You can tell something isn’t right when a new Prime Minister starts their term by showing scientists the door. It demonstrates an alarming shift in priorities and a fundamental misunderstanding of the importance of science in a democracy.
Let’s do a stock take of the damage. As of last week there will be no Minister for Science in Cabinet for the first time in 82 years. The Climate Change Commission, an independent body designed to promote climate change science, will be closed. The Climate Change Authority, responsible for managing emissions reduction schemes, will be shut down as soon as possible and there will, of course, be no minister responsible for climate change. The Clean Energy Finance Corporation, set up to direct $10 billion worth of investment into renewable energy technology, will be scrapped. Meanwhile the responsibilities of these groups will be simply neglected or absorbed into the Ministries for Environment and Industry.
Science has attained an elevated position in our society because it is engaged in the rigorous and painstaking task of producing objective knowledge based on hard evidence. It is easy to see why Abbott might find this activity a threat to his agenda. Despite the consensus of climate experts on the urgency of action, Abbott has spent the last six years blocking any meaningful climate change policy. He clearly intends to free himself from independent scrutiny by smashing the structures set up to promote the voice of scientists in decision making.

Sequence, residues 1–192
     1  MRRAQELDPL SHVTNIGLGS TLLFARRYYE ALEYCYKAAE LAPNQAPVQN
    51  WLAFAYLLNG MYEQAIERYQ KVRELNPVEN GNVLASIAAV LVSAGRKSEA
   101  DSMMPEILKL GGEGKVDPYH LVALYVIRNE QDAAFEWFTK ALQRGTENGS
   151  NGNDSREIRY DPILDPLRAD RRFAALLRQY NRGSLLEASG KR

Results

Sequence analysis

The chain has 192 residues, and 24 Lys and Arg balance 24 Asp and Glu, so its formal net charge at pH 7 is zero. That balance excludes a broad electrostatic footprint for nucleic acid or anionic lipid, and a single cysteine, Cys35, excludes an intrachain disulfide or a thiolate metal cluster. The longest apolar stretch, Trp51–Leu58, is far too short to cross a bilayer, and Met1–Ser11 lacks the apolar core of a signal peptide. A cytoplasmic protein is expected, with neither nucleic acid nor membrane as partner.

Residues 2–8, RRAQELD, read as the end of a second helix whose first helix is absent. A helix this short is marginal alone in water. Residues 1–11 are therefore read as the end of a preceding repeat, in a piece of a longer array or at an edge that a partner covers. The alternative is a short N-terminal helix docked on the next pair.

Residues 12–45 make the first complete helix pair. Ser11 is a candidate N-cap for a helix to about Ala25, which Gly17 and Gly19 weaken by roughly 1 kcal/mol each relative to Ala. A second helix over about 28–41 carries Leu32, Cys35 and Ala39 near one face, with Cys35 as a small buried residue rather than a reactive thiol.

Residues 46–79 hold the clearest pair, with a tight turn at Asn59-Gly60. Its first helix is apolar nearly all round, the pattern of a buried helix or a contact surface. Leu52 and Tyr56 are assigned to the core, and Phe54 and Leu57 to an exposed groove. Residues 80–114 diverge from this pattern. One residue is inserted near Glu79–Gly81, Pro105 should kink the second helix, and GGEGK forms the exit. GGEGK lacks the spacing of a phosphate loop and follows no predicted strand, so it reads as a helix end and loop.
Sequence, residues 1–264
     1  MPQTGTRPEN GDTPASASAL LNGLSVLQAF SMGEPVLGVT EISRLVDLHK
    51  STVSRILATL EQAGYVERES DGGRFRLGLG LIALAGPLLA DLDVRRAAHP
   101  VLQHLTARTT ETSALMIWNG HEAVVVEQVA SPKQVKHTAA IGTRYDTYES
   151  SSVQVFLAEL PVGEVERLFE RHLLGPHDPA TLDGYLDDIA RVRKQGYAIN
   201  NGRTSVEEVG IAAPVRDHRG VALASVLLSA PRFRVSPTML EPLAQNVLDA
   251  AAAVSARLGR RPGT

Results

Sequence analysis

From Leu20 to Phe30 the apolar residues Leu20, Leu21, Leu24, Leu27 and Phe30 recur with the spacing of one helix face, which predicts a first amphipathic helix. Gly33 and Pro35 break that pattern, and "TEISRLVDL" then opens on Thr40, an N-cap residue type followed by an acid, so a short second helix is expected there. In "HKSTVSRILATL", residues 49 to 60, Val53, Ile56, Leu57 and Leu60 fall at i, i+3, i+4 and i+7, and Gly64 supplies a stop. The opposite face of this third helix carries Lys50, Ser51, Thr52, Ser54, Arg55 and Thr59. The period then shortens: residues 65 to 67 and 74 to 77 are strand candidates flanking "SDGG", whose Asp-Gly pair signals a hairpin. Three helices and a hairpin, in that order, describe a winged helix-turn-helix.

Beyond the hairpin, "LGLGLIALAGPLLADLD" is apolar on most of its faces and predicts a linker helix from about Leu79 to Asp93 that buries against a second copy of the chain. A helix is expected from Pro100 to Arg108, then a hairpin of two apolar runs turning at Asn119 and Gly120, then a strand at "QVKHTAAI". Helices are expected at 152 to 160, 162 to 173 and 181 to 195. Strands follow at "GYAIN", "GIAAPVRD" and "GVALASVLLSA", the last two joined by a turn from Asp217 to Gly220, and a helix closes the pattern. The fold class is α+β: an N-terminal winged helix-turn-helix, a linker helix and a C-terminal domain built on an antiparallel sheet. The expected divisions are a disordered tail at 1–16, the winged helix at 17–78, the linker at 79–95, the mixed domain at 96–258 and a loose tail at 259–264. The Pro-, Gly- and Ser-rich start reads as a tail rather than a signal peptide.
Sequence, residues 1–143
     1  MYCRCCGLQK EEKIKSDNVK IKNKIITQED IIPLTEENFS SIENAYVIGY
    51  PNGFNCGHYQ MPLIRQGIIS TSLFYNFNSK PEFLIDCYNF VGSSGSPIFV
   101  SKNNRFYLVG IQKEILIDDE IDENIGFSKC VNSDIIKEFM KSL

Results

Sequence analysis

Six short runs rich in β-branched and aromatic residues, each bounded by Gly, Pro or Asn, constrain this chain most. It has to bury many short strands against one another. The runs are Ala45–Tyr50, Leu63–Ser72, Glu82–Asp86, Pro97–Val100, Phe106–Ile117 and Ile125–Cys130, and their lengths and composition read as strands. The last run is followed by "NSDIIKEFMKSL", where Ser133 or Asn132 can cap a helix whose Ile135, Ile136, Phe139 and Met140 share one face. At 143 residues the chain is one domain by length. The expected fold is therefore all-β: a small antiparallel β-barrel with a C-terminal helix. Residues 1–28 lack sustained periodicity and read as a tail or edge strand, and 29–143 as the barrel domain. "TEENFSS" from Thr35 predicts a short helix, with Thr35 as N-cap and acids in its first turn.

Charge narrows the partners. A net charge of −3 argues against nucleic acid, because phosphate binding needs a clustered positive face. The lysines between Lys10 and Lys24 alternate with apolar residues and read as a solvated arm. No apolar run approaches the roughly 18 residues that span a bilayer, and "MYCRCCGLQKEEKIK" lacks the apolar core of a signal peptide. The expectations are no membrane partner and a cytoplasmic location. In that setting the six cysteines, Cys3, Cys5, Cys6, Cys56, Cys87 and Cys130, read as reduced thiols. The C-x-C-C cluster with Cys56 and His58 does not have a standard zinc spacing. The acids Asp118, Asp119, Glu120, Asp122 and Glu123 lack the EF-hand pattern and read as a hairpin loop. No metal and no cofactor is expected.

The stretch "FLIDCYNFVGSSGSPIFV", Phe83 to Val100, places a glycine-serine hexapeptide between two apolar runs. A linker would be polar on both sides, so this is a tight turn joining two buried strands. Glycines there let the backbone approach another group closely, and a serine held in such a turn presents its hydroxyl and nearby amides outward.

The Abbott Government harbours many climate change sceptics but the spillover of their ideology to all aspects of science is surprising and deeply troubling. Nobel Laureate and astrophysicist, Brian Schmidt, described the lack of a Minister for Science as “disconcerting” and, like many other scientists, is worried that a fragmented government structure will fail to deliver the policy changes required to support long-term research projects. When planning scientific enterprises, researchers require stability. They need to be confident that funding will not be pulled halfway through the project or at the end of a three-year election cycle. Procuring equipment, establishing international partnerships, and planning complicated technical procedures can only be done if financial support is guaranteed. The lack of a dedicated body to manage future research and effectively react to issues is indeed a loss to the scientific community.
For a self-confessed hardcore conservative, Abbott is doing his best to shake things up in Canberra. The omission of a Science Minister and the collapse of government bodies associated with climate change will keep the government and the public in the dark about crucial issues affecting the future of this country. It is as if Abbott has simply dismissed the central role of science in human progress as well as the power of using scientific research to inform government decisions.